<DropDownListEvents TItem="string" TValue="string" ValueChange="e => ChangeField(e, context)"></DropDownListEvents>
                        </SfDropDownList>
                    </div>
                    <div class="e-rule-value e-value">
                        <SfDropDownList TValue="string" Placeholder="Select Country" TItem="Country" DataSource="@CountriesList">
                            <DropDownListFieldSettings Text="Name"></DropDownListFieldSettings>
                            <DropDownListEvents TItem="Country" TValue="string" ValueChange="e => ChangeValue(e, context)"></DropDownListEvents>
                        </SfDropDownList>
                    </div>
                </ColumnTemplate>
            </QueryBuilderTemplates>
        </QueryBuilderColumn>
    </QueryBuilderColumns>
</SfQueryBuilder>
<div style="margin: 10px 0 10px 0">
    <SfButton CssClass="e-primary" @onclick="getQuery">Get Query</SfButton>
</div>
<div style="width: 100%; margin-bottom: 10px;">
    <p>SQL Query</p>
    <textarea style="width: 100%;" id='ruleContent' @bind="Description"></textarea>
</div>

@code 
{
    SfQueryBuilder<Employee> QueryBuilderObj;
    public string Description { get; set; } = string.Empty;
    private void getQuery()
    {
        Description = QueryBuilderObj.GetSqlFromRules();
    }
    public class Employee
    {
        public int EmployeeID { get; set; }
        public string FirstName { get; set; }
        public string LastName { get; set; }
        public DateTime HireDate { get; set; }
        public string Country { get; set; }
    }
    public class Country
    {
        public string Name { get; set; }
    }
    public List<Country> CountriesList = new List<Country>() {
        new Country(){ Name = "England" },
        new Country(){ Name = "India" },
        new Country(){ Name = "Spain" },
        new Country(){ Name = "USA" }
    };
    
    public void ChangeField(Syncfusion.Blazor.DropDowns.ChangeEventArgs<string, string> args, RuleModel Rule)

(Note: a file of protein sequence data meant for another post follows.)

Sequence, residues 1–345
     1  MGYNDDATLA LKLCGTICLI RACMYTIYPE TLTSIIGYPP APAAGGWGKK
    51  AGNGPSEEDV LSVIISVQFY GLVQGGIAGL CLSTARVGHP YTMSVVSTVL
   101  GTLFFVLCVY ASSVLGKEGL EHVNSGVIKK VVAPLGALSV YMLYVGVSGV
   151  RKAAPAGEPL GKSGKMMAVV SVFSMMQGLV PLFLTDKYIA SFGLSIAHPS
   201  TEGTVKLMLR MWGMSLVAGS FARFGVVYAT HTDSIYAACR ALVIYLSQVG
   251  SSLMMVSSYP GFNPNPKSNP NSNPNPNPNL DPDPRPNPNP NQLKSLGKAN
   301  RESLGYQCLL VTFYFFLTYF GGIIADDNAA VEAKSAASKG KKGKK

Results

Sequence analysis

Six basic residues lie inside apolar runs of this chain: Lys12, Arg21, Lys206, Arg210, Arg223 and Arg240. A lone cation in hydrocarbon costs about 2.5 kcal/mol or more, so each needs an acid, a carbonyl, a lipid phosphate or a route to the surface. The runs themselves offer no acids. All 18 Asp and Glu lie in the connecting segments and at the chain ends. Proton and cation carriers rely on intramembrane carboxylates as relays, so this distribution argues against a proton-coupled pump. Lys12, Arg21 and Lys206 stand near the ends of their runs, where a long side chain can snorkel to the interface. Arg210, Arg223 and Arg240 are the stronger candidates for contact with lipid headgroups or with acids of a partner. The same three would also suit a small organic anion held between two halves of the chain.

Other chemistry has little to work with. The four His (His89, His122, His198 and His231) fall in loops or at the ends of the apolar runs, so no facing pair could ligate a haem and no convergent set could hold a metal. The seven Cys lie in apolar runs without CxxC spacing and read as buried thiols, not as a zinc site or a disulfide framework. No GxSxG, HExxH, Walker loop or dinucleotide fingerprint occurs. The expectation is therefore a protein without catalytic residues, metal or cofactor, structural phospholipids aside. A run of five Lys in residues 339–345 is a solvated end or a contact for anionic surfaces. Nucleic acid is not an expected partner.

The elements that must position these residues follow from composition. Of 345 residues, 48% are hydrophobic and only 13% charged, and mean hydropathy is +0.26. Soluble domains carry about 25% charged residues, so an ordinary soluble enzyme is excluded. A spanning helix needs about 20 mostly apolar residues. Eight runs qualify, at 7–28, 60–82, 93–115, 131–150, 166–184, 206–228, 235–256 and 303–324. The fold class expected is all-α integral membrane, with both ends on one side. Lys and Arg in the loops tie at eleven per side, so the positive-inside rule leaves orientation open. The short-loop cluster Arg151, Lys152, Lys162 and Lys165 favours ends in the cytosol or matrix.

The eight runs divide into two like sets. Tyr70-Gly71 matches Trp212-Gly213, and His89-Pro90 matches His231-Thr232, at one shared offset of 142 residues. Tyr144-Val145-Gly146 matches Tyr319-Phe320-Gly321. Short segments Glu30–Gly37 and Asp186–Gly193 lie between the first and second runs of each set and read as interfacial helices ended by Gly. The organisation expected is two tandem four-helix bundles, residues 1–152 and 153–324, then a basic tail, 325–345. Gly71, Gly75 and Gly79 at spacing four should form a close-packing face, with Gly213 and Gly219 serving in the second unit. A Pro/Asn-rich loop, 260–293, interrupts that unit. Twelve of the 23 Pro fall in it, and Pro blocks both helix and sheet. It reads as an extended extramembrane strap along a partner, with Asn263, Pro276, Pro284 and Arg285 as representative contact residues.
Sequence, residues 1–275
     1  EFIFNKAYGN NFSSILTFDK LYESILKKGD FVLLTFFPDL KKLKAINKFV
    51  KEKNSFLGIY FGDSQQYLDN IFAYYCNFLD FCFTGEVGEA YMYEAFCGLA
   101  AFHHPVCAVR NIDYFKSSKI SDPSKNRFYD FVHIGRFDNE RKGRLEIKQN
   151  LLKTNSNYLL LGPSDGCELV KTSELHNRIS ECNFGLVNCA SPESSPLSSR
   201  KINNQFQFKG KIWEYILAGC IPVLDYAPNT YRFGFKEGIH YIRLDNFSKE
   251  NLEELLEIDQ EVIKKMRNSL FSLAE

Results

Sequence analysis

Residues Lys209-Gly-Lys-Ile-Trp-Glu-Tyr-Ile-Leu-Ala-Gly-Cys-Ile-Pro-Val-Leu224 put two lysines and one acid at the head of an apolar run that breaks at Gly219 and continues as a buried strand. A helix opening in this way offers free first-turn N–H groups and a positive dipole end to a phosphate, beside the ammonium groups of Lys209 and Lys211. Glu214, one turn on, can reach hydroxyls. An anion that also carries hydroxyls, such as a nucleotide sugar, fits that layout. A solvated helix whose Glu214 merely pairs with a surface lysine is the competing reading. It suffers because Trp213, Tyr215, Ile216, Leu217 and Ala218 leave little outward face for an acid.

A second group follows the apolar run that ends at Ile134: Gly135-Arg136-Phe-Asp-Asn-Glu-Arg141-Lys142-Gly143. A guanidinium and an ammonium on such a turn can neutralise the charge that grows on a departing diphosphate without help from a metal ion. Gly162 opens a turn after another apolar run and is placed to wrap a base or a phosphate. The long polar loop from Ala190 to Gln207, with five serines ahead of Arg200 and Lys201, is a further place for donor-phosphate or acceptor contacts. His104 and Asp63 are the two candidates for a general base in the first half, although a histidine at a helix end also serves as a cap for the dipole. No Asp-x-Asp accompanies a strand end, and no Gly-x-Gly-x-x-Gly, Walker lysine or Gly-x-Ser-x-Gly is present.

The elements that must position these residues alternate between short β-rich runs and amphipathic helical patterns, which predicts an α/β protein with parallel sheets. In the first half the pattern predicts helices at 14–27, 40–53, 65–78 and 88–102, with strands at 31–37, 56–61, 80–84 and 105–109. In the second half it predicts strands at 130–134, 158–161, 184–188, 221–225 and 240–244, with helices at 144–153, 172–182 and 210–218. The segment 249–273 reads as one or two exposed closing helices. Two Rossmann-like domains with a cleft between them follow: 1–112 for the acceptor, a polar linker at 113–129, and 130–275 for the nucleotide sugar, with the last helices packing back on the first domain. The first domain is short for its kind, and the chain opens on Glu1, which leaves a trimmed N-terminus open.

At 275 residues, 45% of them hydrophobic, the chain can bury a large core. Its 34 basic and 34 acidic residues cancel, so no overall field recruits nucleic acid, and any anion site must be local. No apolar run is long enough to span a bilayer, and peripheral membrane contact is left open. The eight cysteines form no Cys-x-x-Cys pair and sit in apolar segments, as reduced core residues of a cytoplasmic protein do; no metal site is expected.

{
        Rule.Field = args.Value;
        Rule.Label = args.Value;
        Rule.Type = "String";
    }
    public void ChangeValue(Syncfusion.Blazor.DropDowns.ChangeEventArgs<string, Country> args, RuleModel Rule)
    {
        Rule.Value = args.Value;
        Rule.Operator = "equal";
    }
}
Customizing the Entire Rule in Blazor Query Builder
Customizing the Entire Rule in Blazor Query Builder

Header template

Users can render a custom UI to display the header of a group using the HeaderTemplate property.

<SfQueryBuilder TValue="Employee" @ref="QueryBuilderObj">
    <QueryBuilderTemplates>
        <HeaderTemplate>
            <SfDropDownList ID="@context.ID" @bind-Value="DefaultCondition" TValue="string" TItem="Condition" CssClass="e-outline" Width="100px" DataSource="@ConditionsList">
                <DropDownListFieldSettings Text="Text" Value="Value"></DropDownListFieldSettings>
                <DropDownListEvents TValue="string" TItem="Condition" ValueChange="e => conditionChange(e, context)"></DropDownListEvents>
            </SfDropDownList>
            <div class="e-header">
                <div class="e-content">
                    <SfButton Content="Add Group" CssClass="e-custom-button" @onclick="e => addGroup(e, context)"></SfButton>
                </div>
                <div class="e-content">
                    <SfButton Content="Add Condition" CssClass="e-custom-button" @onclick="e => addCondition(e, context)"></SfButton>
                </div>
                @if (context.ID.Split("_")[1].IndexOf("0") < 0)
                {
                    <div class="e-content">
                        <SfButton Content="Delete Group" CssClass="e-custom-button e-danger" @onclick="e => deleteGroup(e, context)"></SfButton>
                    </div>
                }
            </div>
        </HeaderTemplate>
    </QueryBuilderTemplates>
    <QueryBuilderColumns>
        <QueryBuilderColumn Field="EmployeeID" Label="Employee ID" Type="ColumnType.Number"></QueryBuilderColumn>
        <QueryBuilderColumn Field="FirstName" Label="First Name" Type="ColumnType.String"></QueryBuilderColumn>
        <QueryBuilderColumn Field="LastName" Label="Last Name" Type="ColumnType.String"></QueryBuilderColumn>
        <QueryBuilderColumn Field="HireDate" Label="Hire Date" Type="ColumnType.Date"></QueryBuilderColumn>
        <QueryBuilderColumn Field="Country" Label="Country" Type="ColumnType.String"></QueryBuilderColumn>
    </QueryBuilderColumns>
</SfQueryBuilder>
<div style="margin: 10px 0 10px 0">
    <SfButton CssClass="e-primary" @onclick="getQuery">Get Query</SfButton>
</div>
<div style="width: 100%; margin-bottom: 10px;">
    <p>SQL Query</p>